Thank you for bringing this to my attention as one can never be reminded to often to be true to ones self!

  • Annie George

    You’re spot on. Most recently, I ran into a situation in which my objectivity was questioned. I write a daily news service for the insurance industry (very conservative) on behalf of a client. For five years, I have always just given the facts…if there was ever an editorial, I indicated so. Last week, I ran an article about what is happening in Wisconsin with the unions. My source of information was a progressive publication, which I cited. The next day my client received an email from his customer that he was upset with the content of the news…that it should be objective and not “reflect a progressive, liberal agenda.” My client passed this onto me to address, which I immediately did. But this did underscore for me that my opinions, my view, has to be separate from the work I am producing. I am also aware of this when I post on Facebook. I have a mix of friends, including business. As you say, this isn’t censorship…but being discerning.

  • Michele Price

    Your comment we mus hold ourselves to the same standard we hold others is so true. What is challenging is when you hold yourself to a HIGH standard-others can feel is too much. It certainly starts separating the wheat form the chafe FAST.

  • Gabriele Maidecchi

    I consider this part of the entrepreneurial risk, we can’t (and shouldn’t, really) control what our team is doing online at every time, and I do realize in most situations their actions, even if “personal” may and will be traced back to the organization.
    It’s a matter of educating them of the risks of misbehaviors and make them feel responsible for their own actions.
    From my experience, making your team feel part of something bigger is the first step to avoid your people do something potentially harmful for your organization. They will think twice before risking to harm their own “family”.

  • Sed6erz

    I think that you are highlighting a major issue of the social media society. Our every day life used to be our own, we shared if with family, friends and colleagues, and most of what we said disappeared after a while. But nowadays our social life is partly spent online or recorded on a smart phone, and in the end it is far more public that we were used to.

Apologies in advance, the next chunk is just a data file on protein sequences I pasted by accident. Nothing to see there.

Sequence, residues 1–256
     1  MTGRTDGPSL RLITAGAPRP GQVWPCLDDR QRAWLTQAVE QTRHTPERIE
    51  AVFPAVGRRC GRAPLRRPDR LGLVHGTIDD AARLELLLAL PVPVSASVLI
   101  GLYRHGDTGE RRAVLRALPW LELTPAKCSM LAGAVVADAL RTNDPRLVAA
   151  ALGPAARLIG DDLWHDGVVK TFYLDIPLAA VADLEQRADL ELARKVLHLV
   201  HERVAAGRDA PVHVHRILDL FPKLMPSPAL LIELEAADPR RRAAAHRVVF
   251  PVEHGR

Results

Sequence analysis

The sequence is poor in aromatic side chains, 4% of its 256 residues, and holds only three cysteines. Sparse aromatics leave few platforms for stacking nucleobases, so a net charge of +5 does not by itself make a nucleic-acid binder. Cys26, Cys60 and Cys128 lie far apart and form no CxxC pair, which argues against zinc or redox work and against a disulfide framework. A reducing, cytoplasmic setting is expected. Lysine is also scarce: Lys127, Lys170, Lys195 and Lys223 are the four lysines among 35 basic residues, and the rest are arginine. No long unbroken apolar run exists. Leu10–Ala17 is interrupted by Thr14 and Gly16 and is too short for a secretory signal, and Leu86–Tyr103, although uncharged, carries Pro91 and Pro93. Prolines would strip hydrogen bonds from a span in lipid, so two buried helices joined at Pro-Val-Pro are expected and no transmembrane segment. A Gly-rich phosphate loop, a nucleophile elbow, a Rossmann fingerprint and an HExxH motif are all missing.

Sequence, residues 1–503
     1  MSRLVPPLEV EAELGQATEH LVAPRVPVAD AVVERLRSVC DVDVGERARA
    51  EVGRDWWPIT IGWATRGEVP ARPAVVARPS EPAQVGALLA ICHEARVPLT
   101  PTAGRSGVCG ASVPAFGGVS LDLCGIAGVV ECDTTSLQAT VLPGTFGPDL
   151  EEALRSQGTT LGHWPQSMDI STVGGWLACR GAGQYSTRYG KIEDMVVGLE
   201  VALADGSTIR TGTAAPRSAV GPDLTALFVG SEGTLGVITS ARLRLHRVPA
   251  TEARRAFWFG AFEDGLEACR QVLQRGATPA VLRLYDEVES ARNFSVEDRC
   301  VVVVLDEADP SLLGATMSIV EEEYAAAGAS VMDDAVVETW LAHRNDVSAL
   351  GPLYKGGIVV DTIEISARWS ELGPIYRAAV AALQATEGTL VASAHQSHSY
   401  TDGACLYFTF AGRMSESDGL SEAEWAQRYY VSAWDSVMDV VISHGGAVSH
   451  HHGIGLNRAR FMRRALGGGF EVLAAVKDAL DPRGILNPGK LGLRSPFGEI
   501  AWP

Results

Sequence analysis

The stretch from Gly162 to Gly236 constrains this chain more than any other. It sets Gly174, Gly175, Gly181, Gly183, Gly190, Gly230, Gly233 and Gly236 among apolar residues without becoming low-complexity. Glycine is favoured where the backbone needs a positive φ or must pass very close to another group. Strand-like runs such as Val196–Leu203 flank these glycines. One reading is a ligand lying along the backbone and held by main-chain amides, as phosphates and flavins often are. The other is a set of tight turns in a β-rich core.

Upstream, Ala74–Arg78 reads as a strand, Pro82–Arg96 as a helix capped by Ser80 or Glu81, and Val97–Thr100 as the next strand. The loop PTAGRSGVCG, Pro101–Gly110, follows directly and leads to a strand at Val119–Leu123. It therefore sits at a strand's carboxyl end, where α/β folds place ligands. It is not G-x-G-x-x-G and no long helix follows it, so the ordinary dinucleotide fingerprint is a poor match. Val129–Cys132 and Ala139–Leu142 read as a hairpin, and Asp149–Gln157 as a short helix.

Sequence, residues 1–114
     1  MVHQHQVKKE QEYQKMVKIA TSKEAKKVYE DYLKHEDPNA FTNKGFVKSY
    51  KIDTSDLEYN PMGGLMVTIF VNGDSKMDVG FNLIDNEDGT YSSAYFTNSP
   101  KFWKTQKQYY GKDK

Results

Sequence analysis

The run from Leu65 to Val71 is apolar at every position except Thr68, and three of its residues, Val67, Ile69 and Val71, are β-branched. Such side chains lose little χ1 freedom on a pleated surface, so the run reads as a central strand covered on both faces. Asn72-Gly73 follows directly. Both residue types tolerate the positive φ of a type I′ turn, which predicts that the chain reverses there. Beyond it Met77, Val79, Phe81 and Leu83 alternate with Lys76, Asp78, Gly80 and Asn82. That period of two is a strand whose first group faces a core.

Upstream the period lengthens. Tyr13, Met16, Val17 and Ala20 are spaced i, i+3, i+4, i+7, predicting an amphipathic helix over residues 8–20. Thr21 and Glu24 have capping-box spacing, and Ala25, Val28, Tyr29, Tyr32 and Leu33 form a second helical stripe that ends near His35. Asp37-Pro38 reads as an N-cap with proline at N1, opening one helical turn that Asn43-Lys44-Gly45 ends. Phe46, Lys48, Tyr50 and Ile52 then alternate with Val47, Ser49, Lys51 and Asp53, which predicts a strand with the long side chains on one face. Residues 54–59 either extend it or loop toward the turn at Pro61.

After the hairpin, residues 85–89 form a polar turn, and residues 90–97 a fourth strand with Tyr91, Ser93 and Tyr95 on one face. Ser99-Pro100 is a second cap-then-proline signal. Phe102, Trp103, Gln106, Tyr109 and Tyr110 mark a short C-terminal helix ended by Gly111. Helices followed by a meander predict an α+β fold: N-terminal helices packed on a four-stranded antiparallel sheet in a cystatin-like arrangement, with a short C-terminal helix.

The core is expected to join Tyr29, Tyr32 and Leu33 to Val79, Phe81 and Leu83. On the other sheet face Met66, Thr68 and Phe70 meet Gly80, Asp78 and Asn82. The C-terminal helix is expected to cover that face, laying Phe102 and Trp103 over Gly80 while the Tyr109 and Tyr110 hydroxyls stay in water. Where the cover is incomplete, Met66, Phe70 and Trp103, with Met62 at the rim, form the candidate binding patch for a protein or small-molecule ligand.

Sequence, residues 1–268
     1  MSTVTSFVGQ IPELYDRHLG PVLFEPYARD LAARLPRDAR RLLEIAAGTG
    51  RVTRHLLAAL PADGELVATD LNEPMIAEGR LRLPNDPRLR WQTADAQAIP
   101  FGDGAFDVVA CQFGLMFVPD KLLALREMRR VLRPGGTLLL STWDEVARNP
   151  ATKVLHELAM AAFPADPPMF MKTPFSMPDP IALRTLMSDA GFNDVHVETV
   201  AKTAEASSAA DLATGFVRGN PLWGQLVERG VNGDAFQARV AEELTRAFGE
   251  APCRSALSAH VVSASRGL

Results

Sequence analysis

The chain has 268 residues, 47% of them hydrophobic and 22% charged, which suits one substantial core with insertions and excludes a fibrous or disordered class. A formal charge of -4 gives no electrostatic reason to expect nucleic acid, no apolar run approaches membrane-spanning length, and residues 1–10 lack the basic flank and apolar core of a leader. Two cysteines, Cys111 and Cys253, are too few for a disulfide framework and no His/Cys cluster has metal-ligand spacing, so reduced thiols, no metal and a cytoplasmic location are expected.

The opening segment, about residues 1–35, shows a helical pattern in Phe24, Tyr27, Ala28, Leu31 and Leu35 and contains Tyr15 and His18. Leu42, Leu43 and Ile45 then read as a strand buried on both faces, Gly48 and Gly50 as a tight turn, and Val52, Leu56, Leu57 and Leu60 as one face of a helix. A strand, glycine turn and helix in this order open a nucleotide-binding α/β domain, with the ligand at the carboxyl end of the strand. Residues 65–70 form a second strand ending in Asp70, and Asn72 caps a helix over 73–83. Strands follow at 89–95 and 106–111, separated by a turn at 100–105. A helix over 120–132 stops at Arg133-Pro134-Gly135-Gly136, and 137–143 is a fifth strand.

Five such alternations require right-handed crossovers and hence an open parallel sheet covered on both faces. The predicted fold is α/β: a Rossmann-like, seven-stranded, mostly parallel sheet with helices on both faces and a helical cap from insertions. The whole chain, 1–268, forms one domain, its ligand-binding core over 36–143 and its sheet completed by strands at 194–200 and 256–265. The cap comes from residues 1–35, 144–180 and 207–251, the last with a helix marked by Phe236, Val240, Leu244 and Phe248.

So the main issue is you can have perfect employees with a specific views that can shock some of your company clients/customers – what should you do? This employee could be the same that you had 12 years ago but now his reach is global and not local. His “offending” some of your customers but he/she is still good at what she does, can you lay off someone for that or ask him/her to stop what she does? The line between private life, public life and working life is now as thin as some cigarette paper and as a society we need to figure out where we draw the line.

    Thanks for the article it really got into me and made me think twice about the subject. One of the reason I am still using an alias on twitter – don’t want to mix my working and private life together, but wonder for how long I will be able to do this.

  • Mike McCready

    I couldn’t agree more. There really isn’t a way to separate your personal and business accounts. I also don’t think that we should discourage online representation of our employees.

    I believe the key is to have proper policy/guidelines and education practices in place.

    There is a great video from Jeremiah Owyang:

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  • rukallstar

    Okay, you have to be more aware of the private self and public self interplay with the rise of social media. What would be more interesting is that work for the most part, for most people is a bit of a contrived, autocratic environment, so in our private lives we act differently and are usually much more honest. Social media, if we choose to, makes our private lives, public so we should use judgment of what we post for public consumption. I would tell people that just because you can tell the world of your exploits last weekend, why not keep to your private life and not make it public. Just look at Charlie Sheen banging 7 grams. Now some people are like yes, Charlie you are living the dream, while a vast majority are going wow buddy you need help and stay away from me and my family

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  • KareAnderson

    Helpful post. Re trust, the more an organization is clear AND specific about its top goal/mission and values – and the specific behaviors that reflect those things the more likely it is that people inside and outside the organization can recognize and embody them. Having a sweet spot of mutual benefit for the business and all workers helps as does some specific rules of engagement. Then we understand what’s encouraged. That helps people understand whether they will fit in the organization too.